What You Need to Know to Protect Your Children’s Inheritance
January 28, 2010
Updating your will and other estate planning documents is vital in protecting your children and other loved ones.
Changing your will is relatively easy. You can revoke your current will and have a new one prepared, or you can amend your existing will by creating a codicil. Your attorney can advise you on which option best meets your objectives.
Here are five estate planning updates that affect your children that you should make immediately:
- Have a guardianship plan. Name a suitable guardian for your minor children in your will. In most cases, the children’s other parent will raise your children if you pass away first. But, are you considering that he or she could remarry? In the event that parent dies while your children are still young, do you want his or her new partner to raise your children? If there is someone better qualified to do so, make your desires known now.
- Protect what belongs to your children. Make sure your assets and property pass to your children. Spell out in your will the specifics of distributing assets so your children receive what was earmarked for them. Remember, assets aren’t only items with financial value. Sentimental items like heirlooms and family photos can be noted in an updated will to pass to your children as well.
- Safeguard minor children. If you have minor children, you may wish to place assets you want them to inherit in a trust until they are old enough. This prevents court battles if a judge has to name someone as their conservator.
- Name a new executor. If your children are of the age of legal majority, you can appoint them as executors, or you can choose a trusted friend or member of your family.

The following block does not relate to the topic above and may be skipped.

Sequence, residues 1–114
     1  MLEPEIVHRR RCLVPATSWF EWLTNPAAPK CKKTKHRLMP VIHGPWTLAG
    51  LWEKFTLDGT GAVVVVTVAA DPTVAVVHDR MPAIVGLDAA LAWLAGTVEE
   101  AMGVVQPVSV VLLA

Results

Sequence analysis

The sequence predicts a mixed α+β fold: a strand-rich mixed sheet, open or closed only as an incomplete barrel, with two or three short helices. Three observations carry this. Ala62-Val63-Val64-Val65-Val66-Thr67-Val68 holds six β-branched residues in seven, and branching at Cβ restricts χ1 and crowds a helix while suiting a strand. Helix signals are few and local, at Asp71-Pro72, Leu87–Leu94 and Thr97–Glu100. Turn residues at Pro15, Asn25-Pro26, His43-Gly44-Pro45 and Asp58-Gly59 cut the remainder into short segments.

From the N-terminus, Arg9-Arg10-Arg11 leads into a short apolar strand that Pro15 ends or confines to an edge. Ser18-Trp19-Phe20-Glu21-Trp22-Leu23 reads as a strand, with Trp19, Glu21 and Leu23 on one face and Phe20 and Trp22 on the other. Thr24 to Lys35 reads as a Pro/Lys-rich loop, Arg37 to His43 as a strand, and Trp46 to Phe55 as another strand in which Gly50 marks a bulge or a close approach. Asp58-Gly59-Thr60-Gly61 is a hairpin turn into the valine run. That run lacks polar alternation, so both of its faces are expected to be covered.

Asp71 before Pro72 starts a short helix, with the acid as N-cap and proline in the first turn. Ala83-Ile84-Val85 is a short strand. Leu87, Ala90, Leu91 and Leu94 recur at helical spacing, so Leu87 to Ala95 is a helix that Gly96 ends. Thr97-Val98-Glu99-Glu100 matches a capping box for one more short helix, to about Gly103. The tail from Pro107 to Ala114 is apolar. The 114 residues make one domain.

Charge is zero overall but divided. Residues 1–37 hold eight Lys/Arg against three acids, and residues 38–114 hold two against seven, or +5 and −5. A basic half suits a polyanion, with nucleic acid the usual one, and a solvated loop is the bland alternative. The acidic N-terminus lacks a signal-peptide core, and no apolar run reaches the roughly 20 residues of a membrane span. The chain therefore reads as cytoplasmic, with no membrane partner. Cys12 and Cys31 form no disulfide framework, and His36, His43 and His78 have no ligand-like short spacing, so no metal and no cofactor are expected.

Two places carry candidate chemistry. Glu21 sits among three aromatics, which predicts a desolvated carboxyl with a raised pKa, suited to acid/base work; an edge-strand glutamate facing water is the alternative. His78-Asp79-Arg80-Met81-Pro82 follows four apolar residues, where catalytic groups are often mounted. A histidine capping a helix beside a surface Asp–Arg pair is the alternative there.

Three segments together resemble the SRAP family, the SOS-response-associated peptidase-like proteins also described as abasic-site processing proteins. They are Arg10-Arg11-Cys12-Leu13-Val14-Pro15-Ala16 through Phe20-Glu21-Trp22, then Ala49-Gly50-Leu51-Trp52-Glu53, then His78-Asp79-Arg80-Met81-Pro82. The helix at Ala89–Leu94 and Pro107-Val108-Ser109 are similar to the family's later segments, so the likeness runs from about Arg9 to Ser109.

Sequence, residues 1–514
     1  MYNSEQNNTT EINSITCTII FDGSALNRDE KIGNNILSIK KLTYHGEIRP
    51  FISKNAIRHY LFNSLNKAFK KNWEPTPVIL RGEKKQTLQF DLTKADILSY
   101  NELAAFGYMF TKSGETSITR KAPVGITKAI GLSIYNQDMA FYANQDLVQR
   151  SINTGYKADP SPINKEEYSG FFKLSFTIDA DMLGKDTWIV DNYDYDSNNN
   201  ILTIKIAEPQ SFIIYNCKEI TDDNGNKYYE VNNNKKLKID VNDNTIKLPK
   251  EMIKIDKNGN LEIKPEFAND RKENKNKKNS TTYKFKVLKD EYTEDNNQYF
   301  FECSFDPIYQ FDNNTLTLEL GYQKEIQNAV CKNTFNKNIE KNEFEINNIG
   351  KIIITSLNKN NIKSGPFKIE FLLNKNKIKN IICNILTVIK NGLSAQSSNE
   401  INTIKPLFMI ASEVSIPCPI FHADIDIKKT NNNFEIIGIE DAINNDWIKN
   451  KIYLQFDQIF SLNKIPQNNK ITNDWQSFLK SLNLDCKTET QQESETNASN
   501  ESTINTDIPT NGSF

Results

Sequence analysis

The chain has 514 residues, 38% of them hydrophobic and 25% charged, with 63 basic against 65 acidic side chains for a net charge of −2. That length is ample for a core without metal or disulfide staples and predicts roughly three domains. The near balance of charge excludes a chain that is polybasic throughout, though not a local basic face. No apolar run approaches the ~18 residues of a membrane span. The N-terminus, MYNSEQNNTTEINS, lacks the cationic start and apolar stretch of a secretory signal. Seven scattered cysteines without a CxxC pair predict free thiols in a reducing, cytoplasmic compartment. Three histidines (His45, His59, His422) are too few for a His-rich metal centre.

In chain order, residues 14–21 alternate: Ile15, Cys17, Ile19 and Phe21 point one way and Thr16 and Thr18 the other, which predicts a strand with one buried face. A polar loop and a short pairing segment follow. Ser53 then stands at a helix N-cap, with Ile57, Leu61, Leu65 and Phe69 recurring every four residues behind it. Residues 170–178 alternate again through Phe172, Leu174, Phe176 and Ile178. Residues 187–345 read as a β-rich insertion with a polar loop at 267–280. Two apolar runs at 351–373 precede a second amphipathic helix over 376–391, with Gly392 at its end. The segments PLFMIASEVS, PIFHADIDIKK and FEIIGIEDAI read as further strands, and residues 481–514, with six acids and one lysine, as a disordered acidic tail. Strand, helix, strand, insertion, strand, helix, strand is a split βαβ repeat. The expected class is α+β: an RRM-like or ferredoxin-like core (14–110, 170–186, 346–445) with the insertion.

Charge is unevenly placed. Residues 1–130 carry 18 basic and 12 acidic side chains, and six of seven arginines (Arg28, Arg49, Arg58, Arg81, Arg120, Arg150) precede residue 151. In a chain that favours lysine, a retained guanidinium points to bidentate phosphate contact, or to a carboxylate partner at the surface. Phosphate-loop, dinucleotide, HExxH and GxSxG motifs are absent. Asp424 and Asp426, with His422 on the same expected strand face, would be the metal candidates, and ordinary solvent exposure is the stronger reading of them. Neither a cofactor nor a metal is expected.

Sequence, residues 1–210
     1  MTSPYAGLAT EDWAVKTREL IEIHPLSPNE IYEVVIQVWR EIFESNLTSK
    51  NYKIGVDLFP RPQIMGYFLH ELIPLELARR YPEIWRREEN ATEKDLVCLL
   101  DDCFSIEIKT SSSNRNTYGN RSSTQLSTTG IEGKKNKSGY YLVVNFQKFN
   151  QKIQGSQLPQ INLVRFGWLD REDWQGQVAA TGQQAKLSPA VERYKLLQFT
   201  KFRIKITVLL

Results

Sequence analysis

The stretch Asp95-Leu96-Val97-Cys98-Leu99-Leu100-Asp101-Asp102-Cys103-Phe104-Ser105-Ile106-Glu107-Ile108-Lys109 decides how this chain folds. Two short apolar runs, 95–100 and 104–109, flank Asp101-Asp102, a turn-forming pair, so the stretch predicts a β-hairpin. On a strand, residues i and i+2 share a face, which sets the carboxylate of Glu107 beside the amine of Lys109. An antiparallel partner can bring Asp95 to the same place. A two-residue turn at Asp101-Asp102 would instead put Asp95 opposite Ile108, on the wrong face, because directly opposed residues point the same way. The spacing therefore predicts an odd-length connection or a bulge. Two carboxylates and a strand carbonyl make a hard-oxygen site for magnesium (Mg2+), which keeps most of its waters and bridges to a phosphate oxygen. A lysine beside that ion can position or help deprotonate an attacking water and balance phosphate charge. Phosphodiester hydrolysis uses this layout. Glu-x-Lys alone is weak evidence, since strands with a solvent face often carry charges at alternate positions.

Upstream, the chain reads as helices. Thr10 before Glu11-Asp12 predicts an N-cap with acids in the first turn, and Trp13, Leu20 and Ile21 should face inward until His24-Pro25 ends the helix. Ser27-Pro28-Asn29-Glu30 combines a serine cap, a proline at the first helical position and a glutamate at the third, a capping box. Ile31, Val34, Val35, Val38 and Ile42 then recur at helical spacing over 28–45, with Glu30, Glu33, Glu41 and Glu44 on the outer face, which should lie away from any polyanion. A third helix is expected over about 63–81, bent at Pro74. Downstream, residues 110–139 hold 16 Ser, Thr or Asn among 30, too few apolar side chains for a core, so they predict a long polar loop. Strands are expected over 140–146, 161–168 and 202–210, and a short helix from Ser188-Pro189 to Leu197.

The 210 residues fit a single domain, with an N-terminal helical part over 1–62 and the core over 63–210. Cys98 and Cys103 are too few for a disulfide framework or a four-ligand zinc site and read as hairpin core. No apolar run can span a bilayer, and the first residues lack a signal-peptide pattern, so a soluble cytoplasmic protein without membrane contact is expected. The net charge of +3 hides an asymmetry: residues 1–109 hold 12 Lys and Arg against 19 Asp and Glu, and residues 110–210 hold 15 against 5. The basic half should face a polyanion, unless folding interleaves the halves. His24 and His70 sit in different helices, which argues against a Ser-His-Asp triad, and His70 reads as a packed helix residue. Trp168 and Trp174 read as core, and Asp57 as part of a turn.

- Update beneficiary designations. Life insurance, annuities, retirement benefits and IRAs are usually payable to a named beneficiary and do not pass under your will. Check these documents to see whether you need to complete new beneficiary designation forms, adding your adult children’s names or a trust for minor children, to make certain assets are left to your intended heirs.
Remember: Life changes. Once you take these steps, make sure to update your documents as your circumstances change. If we can be of help in your planning process, please contact Sharon Bosserman-Benson at (503) 768-7911 or firstname.lastname@example.org.
Don’t Forget Lewis & Clark When Updating Your Will
If you have made gifts of specific assets or amounts to us in your will and your needs or intentions have changed, remember to update these wishes as well.
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The information in this Web site is not intended as legal advice. For legal advice, please consult an attorney. Figures cited in examples are for hypothetical purposes only and are subject to change. References to income tax apply to federal taxes only. Federal estate tax, state income/estate taxes or state law may impact your results.